Mareika Phillips: Yes.
Helen Osborne: Thank you so much. Do you want to just share the URL for Communicate Health so everyone can get your newsletter, which is a real goodie?
Helen Osborne: Thank you. I just want to tell people that it’s not spelled out “we H-E-A-R-T health literacy.” There’s a picture of a heart. I don’t know if it’s supposed to mean love or our beating hearts, but either way, it’s visual right in its title.
Mareika Phillips: That’s true.
Helen Osborne: Thank you so much for all you do and for sharing these great tips and best practices with all of us on Health Literacy Out Loud.
Mareika Phillips: Thank you so much for having me. It was definitely my pleasure. I hope it was helpful for the listeners as well.
Helen Osborne: As we just heard from Mareika Phillips, it is important to consider our visual representation, our pictograms, our icons as much as it is our words. But doing so in ways that everyone can learn from and relate to is not always easy.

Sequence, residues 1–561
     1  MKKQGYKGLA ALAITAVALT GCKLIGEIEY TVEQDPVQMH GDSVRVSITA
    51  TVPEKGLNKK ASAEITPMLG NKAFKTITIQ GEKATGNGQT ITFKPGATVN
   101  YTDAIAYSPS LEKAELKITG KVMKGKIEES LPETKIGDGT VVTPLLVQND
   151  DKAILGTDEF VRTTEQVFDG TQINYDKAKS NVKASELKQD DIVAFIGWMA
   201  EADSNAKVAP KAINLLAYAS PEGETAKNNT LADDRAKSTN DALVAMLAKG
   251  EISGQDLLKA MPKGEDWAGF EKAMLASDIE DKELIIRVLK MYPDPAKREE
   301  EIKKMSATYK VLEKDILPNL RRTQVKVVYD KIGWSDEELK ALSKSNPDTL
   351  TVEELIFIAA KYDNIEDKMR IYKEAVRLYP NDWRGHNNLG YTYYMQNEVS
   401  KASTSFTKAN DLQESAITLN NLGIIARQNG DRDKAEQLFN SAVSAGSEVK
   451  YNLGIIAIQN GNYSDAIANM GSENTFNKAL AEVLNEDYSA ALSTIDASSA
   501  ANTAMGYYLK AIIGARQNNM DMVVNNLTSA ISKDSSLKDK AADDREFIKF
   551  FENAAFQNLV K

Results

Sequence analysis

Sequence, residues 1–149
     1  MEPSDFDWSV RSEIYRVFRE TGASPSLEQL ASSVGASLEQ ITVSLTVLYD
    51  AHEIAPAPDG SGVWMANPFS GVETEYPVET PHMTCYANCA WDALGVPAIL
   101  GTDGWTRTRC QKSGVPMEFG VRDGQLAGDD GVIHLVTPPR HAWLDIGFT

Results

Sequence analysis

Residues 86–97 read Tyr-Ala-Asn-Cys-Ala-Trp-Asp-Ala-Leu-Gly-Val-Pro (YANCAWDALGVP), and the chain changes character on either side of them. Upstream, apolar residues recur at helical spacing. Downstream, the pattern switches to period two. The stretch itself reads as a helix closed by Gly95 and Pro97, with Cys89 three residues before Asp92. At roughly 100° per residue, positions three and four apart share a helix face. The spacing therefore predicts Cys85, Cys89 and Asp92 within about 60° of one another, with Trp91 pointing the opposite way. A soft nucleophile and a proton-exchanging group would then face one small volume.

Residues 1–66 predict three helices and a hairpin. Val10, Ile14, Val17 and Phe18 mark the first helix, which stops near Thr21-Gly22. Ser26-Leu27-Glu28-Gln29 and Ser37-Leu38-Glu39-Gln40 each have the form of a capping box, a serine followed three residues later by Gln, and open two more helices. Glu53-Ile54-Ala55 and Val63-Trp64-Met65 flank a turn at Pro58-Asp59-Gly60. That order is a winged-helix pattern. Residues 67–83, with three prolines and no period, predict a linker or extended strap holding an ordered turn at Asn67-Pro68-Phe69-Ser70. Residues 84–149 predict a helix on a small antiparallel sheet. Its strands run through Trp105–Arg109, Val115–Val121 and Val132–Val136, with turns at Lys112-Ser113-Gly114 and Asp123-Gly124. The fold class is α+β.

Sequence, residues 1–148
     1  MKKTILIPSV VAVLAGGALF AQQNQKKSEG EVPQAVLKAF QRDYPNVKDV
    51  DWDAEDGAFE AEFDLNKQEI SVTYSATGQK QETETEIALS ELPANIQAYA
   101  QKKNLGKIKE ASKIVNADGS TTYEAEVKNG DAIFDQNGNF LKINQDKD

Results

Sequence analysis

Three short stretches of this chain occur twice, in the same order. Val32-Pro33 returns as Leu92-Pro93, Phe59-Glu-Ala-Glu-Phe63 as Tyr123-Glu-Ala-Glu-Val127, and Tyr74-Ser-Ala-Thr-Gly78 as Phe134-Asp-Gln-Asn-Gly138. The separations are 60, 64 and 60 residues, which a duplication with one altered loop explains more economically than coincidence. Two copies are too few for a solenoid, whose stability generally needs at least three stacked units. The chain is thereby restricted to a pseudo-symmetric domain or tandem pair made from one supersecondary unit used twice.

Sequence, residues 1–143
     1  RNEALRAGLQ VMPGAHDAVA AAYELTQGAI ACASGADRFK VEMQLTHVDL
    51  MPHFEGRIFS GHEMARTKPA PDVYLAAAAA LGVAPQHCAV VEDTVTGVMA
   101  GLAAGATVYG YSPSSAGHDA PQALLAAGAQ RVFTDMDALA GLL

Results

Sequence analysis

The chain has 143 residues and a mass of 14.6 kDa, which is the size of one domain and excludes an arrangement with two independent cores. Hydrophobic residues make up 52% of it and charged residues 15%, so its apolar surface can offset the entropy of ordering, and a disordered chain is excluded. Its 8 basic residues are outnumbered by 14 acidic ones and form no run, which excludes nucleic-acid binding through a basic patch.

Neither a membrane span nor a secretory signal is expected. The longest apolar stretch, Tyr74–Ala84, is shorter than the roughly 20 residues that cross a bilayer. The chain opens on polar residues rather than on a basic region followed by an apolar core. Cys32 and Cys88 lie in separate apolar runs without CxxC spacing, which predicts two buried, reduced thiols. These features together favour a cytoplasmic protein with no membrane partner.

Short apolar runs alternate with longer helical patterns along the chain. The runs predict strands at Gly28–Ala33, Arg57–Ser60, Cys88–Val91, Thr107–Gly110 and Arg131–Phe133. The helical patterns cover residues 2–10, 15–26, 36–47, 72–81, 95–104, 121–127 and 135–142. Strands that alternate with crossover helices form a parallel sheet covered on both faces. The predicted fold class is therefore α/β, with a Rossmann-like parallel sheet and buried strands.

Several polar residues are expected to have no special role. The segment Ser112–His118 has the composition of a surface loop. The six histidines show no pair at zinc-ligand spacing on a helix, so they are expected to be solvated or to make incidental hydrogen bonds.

For help clearly communicating your health message, please take a look at my book, Health Literacy from A to Z. You might be especially interested in Chapter 38, called “Visuals.”
New Health Literacy Out Loud interviews come out every few weeks. You can get them all for free by subscribing at www.HealthLiteracyOutLoud.com, or wherever else you find your podcasts.
Please help spread the word about Health Literacy Out Loud. Together, let’s tell the whole world why health literacy matters.
Until next time, I’m Helen Osborne.